Spiritual Stretching

Revitalizing One's Spiritual Life - Spiritual Stretching

By Rev. Mike Sears

Joints stiffen, and we lose mobility. We suffer a fall, and debilitating fear sets in. Things we once took for granted are now goals on a treatment plan.

Most senior adults understand therapy. They want what they have always wanted: quality of life. Jesus called it life overflowing. Laozi, whose name pretty much means “Senior Adult,” compares suppleness and flexibility to things flowing with life while comparing the brittle and hard to things without life (Tao Te Ching, 76).

Have you ever tried to break a limb off a thriving tree? You twist, pull, and tear; but the limb flexes, bends, and barely peels. A dead tree is different. Twist, and the limb crunches. Pull, and it snaps. Therapy consists of twisting cartilage, pulling tendons, and tearing muscle fibers so that our limbs flow with life again.

Spiritual lives stiffen, too, and risk becoming brittle. It happens at any age. Loss of flexibility means something is liable to snap. Jesus compares it to a thief coming to steal, kill, and destroy. Laozi likens it to a withered branch. A hardened spiritual life means it is time for spiritual therapy: time to twist, pull, and tear those hardened perspectives.

We therapize our stiffened spiritual lives the way we do any injured joint: get it moving again.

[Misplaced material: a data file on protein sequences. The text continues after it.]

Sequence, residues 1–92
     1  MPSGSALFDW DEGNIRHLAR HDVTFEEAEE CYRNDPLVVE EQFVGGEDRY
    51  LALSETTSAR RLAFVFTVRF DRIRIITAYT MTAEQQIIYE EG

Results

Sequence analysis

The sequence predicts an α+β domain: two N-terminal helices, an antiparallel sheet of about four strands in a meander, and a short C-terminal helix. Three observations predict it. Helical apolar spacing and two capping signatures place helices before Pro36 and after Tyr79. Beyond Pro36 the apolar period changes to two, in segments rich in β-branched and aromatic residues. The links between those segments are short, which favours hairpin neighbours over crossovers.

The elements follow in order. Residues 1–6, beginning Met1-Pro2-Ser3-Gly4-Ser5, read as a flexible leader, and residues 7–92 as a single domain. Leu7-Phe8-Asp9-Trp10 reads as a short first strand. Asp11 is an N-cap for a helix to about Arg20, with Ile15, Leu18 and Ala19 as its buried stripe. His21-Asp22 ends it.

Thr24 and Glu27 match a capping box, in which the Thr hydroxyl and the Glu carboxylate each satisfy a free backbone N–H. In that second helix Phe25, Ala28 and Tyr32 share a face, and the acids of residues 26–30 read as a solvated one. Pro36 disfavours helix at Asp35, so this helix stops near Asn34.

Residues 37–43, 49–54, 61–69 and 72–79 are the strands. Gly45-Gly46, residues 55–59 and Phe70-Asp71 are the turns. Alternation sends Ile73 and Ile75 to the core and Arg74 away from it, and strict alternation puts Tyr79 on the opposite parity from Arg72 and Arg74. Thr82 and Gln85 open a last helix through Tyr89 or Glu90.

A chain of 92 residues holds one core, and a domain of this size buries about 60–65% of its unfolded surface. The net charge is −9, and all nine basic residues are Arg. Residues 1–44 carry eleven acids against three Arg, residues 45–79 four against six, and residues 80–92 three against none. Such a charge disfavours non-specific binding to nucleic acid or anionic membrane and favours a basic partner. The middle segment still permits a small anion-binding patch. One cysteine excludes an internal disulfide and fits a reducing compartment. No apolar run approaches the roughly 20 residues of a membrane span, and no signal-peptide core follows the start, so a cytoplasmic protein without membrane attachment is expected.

The quality of a spiritual life is in its suppleness. Jesus says he is like a door, and he wants abundant life to flow through that moveable door. Both Jesus and Laozi take an unconventional approach. The soft and weak overcome the hard and strong. Hardening one’s positions does not strengthen spiritual life.

A strong spiritual life looks weak as it softens and becomes the door to competing perspectives. Softness allows movement. Wonder gets a spiritual life moving again. It moves us beyond where we were able to go before now with new perspectives. But the point from the Old Masters is we meet these perspectives with a supple spiritual life.

As chaplain in a retirement community, I witness senior adults doing spiritual therapy on a weekly basis. They engage perspectives beyond those hardened by our life experiences, and the aha moments break through the brittleness. Perspectives soften, and we are listening again not just to others but to ourselves. We get reacquainted with ourselves through dialogue with others. Then comes the greatest aha: we are never too old for a supple spiritual life.